Exclusions in an insurance policy have relevance only when there is coverage; an exclusion, in insurance parlance, serves purpose of taking out persons or events otherwise included within defined scope of coverage. (Hartford Accident & Indemnity Co. v. Case Foundation Co., 10 Ill. App.3d 115, 294 N.E.2d 7.) The only logical explanation for the insistence by Great American that the exclusionary endorsement be attached to the policy is that without it the injury suffered by the plaintiff fell within the ambit of the policy as originally written. It may well be that a higher premium should have been paid to Great American; however, the Commissioner paid what was requested and was under no duty or obligation to authenticate the correctness of the charges for the insurance.

Our opinion in this appeal is predicated upon the theory that from the record the Commissioner intended to have full coverage (which would have covered the injury suffered by the plaintiff) and that it was his understanding that the policy afforded such coverage; and that Great American by its actions indicated that it also interpreted the policy as providing such coverage.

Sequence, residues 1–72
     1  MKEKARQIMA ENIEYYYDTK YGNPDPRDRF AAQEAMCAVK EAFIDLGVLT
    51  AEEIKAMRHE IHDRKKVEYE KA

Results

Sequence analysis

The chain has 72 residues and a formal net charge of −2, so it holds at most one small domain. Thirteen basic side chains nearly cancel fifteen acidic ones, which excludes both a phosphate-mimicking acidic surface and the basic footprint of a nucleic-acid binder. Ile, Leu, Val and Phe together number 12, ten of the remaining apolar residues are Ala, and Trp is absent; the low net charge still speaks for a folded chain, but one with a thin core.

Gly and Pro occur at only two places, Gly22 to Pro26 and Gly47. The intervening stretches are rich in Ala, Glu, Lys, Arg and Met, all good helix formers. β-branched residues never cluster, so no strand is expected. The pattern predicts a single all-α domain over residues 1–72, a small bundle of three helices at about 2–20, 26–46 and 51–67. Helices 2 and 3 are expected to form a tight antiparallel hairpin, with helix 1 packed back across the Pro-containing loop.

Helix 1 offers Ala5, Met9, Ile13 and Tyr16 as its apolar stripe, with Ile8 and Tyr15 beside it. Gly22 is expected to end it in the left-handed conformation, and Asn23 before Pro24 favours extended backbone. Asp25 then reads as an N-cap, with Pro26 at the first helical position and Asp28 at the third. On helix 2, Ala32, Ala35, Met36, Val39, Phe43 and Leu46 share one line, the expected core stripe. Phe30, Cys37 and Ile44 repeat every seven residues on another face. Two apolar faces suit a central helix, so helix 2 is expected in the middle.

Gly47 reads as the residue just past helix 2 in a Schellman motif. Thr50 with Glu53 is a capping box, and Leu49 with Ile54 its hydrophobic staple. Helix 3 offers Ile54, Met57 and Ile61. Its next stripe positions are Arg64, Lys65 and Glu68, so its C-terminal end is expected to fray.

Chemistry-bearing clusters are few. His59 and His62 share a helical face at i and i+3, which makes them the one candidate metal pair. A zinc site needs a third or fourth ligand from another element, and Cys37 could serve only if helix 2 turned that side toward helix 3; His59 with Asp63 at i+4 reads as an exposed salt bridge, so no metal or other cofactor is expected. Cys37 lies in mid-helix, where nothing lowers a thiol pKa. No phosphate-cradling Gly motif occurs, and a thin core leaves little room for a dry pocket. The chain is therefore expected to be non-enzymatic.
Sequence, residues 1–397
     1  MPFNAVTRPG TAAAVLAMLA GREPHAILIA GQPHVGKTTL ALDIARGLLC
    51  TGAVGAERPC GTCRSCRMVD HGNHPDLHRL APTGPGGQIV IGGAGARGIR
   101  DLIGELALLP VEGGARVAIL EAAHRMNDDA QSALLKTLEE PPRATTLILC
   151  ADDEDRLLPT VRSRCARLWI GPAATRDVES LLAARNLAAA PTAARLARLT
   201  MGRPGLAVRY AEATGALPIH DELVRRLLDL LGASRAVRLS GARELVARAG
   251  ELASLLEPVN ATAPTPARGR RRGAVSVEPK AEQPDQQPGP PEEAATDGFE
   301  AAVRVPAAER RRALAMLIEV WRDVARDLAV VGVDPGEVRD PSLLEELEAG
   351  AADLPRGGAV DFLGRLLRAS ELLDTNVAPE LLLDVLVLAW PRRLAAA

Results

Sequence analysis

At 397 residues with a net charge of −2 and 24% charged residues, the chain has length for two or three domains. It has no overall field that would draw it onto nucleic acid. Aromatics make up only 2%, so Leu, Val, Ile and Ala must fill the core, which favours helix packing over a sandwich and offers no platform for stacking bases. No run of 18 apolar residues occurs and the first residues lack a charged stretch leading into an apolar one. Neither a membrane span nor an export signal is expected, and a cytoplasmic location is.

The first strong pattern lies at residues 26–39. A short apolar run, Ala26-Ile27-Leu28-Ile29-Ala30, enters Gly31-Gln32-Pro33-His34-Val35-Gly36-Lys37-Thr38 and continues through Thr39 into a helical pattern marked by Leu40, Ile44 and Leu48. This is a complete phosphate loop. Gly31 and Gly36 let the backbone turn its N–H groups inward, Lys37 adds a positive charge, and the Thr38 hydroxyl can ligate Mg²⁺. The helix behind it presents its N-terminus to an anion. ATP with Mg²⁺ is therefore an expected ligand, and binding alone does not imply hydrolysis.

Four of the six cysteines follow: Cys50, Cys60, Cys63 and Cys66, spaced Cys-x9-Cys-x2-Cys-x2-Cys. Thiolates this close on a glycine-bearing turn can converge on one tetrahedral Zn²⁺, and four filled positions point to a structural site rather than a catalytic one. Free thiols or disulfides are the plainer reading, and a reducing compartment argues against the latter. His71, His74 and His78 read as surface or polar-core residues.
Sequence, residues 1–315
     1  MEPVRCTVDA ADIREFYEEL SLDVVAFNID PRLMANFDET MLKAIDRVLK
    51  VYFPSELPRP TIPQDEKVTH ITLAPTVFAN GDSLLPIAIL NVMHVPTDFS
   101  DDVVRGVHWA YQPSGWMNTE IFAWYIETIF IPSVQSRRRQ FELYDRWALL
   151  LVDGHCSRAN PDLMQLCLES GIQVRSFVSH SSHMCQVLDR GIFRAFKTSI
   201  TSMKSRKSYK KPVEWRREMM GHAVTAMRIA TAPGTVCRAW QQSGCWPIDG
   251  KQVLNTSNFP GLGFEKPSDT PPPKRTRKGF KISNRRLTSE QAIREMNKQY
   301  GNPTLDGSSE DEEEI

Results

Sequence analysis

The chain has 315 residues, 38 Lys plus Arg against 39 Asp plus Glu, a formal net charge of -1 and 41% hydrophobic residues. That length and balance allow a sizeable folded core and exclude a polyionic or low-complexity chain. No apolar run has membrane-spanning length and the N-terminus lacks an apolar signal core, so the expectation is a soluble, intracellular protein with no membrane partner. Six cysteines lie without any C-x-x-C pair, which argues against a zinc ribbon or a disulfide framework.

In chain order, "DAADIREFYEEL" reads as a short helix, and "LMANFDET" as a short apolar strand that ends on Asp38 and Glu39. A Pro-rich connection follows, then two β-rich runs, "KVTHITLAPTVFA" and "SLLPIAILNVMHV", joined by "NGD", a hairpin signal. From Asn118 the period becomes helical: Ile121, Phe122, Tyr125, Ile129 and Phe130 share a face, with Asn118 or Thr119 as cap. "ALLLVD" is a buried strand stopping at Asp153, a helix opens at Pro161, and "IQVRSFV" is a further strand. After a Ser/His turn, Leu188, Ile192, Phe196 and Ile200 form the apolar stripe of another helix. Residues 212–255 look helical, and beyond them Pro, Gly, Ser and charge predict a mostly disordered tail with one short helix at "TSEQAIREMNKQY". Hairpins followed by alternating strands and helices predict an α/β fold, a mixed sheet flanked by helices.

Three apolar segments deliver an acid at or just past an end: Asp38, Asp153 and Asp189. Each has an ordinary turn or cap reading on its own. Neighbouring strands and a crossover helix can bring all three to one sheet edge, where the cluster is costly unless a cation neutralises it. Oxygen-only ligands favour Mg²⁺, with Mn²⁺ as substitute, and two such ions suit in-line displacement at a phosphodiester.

• 2, 3 So far as an insurer is concerned, a policy is to be strictly construed against it, the reason for the rule being that it is the insurer who drafted the policy, with experts doing so for it, and the insured must take the policy as written. (Manchester Insurance & Indemnity Co. v. Universal Underwriters Insurance Co., 5 Ill. App.3d 847, 285 N.E.2d 185.) Also, the construction placed on a policy by a party as shown by his conduct and statements is the best evidence of the meaning thereof. (United States Casualty Co. v. Crown Novelty Co., 195 Ill. App. 267.) Following these basic rules, we can only conclude that our theory is sound in that both parties intended that the policy should afford full coverage as they so interpreted it.

• 4 It is therefore directed that the order of the trial court declaring that said policy did not afford coverage be reversed and an order be entered declaring that the policy of insurance did effect coverage with respect to the injury suffered by the plaintiff and that further, the personal injury action filed by the plaintiff be reinstated for further proceedings thereon.

Reversed and remanded.

STOUDER and DIXON, JJ., concur.

19750120